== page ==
Health Fidelity’s NLP engine Lumanent Insights was created based on the NLP engine MedLEE developed at Columbia University by Carol Friedman, PhD. Today, we have two goals. First, to better understand natural language processing in healthcare. Second, to celebrate Health Fidelity’s 10th anniversary and five years of delivering clinical suspects, by helping you get to know Dr. Friedman, her pioneering work, the engine’s history, and what makes it unique.
What brought you to natural language processing as a field?
I earned my MS and PhD (both in computer science) at NYU. During that time, among other projects, I worked on the Linguistic String Project and the Proteus Project. After I graduated, I was recruited into the medical informatics department at Columbia in the early 1990s. At that point, they were trying to put clinical data to work in a decision support system but needed a way to access the clinical data reliably; therefore my prior NLP background was attractive to them. A year after joining Columbia, I received a grant from the National Library of Medicine to develop a clinical NLP system, which really brought me fully into NLP research.
The clinical NLP project itself was initially developed in collaboration with the Columbia radiology department. Through those early years, the department head and I would go through notes to understand the terminology and to interpret the jargon. That helped capture the linguistic patterns in the clinical documents and the ability for the engine to interpret clinical discourse.
As we neared completion, a colleague that was collaborating on the clinical decision support system asked to evaluate the NLP system itself. He decided the questions, set the parameters, and performed the entire evaluation. I don’t mind saying that that was quite scary since NLP systems were typically evaluated by the NLP developers. In the end, he compared its outputs to six specialists in radiology and six general practitioners. Of half a dozen conditions found in chest x-rays, the evaluation demonstrated that the NLP performed similarly to the physicians.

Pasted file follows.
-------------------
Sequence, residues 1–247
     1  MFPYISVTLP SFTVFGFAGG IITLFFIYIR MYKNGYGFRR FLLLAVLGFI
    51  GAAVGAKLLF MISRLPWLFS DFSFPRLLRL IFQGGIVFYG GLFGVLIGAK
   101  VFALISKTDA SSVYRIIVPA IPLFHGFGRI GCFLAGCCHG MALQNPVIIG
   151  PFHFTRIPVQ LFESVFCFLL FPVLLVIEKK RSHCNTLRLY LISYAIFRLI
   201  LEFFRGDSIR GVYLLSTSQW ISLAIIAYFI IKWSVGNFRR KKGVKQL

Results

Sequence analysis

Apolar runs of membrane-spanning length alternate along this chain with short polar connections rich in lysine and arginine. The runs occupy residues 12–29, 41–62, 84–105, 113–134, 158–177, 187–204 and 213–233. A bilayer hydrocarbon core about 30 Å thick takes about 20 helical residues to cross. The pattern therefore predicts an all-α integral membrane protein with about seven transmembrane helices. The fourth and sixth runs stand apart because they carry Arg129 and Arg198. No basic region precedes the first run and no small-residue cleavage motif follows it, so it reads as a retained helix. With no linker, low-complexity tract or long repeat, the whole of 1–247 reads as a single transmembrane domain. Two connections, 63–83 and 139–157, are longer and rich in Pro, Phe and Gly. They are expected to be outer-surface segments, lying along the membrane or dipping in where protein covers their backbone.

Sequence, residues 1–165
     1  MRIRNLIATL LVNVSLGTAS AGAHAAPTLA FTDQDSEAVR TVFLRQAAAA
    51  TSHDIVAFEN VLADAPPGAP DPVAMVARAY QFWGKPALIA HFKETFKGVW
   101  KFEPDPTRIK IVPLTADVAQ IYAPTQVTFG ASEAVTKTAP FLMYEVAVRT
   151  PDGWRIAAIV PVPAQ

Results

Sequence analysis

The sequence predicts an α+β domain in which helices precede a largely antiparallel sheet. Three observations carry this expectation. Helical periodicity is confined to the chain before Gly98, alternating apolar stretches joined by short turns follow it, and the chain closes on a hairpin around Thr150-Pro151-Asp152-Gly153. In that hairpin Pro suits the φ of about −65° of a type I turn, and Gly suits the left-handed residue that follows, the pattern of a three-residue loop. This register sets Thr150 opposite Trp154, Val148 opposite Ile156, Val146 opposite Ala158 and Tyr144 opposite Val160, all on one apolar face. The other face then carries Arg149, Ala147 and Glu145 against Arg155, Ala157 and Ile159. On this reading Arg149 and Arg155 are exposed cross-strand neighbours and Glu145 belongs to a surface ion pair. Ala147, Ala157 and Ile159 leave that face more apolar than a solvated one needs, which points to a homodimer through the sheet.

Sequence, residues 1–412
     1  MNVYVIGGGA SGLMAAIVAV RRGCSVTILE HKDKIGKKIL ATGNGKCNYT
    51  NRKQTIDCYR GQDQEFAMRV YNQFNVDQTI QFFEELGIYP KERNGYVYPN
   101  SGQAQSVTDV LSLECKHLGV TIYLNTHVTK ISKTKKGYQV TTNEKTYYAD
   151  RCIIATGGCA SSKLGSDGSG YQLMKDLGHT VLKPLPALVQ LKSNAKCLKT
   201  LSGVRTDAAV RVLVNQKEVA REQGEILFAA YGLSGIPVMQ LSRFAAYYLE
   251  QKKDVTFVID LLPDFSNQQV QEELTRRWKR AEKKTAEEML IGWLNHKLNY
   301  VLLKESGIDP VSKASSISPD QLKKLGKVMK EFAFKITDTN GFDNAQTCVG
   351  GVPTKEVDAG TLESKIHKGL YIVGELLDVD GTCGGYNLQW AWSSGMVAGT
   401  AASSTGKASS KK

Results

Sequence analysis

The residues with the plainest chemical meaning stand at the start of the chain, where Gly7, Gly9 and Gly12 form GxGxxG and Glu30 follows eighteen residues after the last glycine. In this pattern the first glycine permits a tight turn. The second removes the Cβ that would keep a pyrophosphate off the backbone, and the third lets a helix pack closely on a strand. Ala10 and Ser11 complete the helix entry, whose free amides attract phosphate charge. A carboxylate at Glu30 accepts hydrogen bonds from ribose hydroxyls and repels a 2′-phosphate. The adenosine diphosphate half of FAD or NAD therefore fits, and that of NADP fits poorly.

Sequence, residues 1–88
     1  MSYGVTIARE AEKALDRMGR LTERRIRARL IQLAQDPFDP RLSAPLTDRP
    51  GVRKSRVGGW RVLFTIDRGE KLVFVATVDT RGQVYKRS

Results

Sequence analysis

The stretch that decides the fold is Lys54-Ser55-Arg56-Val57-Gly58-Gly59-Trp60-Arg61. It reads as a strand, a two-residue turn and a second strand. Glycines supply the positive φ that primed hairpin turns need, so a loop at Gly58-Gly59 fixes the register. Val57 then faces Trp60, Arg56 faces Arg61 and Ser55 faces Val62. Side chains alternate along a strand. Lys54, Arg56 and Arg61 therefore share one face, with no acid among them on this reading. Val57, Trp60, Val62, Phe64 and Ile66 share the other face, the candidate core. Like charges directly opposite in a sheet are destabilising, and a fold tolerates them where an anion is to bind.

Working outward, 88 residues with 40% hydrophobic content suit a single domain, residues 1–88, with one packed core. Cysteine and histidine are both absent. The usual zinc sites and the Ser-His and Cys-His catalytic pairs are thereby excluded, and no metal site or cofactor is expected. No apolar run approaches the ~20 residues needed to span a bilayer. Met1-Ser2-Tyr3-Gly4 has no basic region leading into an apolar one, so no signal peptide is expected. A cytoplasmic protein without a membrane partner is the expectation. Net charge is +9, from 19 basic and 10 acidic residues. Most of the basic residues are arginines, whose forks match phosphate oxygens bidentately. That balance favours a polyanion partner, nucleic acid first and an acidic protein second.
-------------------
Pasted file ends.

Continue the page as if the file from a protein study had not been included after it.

Based on that, and thorough physician evaluation, the NLP was added to the decision support project.
After another year to completely operationalize it, the NLP went live in the clinical information system and was a success. It was not long before an epidemiologist used it to identify TB exposure for isolation protocols. Year after year, as word spread, researchers and physicians would ask to use the NLP, evaluate it, and find new uses. It kept succeeding. That’s when we knew it was time to license it.
And that’s where Health Fidelity enters the story?
Right! There were a lot of companies interested in the NLP system, but I liked Health Fidelity’s approach to impacting healthcare. I liked the smaller, agile environment, as well. I didn’t want to work with a larger company.
With Health Fidelity, Lumanent Insights has been built and refined for quite some time. Does the nature of this NLP system give it an advantage over later arrivals?
Yes. I think what’s happening now is people are developing NLP for specific purposes. For instance, some of the newer systems would find patients with diabetes, and they are only developed for that purpose. However, Lumanent Insights has a broader application. It understands how to decipher language at a linguistic level in a clinical setting, so you can tune it to do almost whatever you need it to. It can easily be adapted to new settings and or new uses.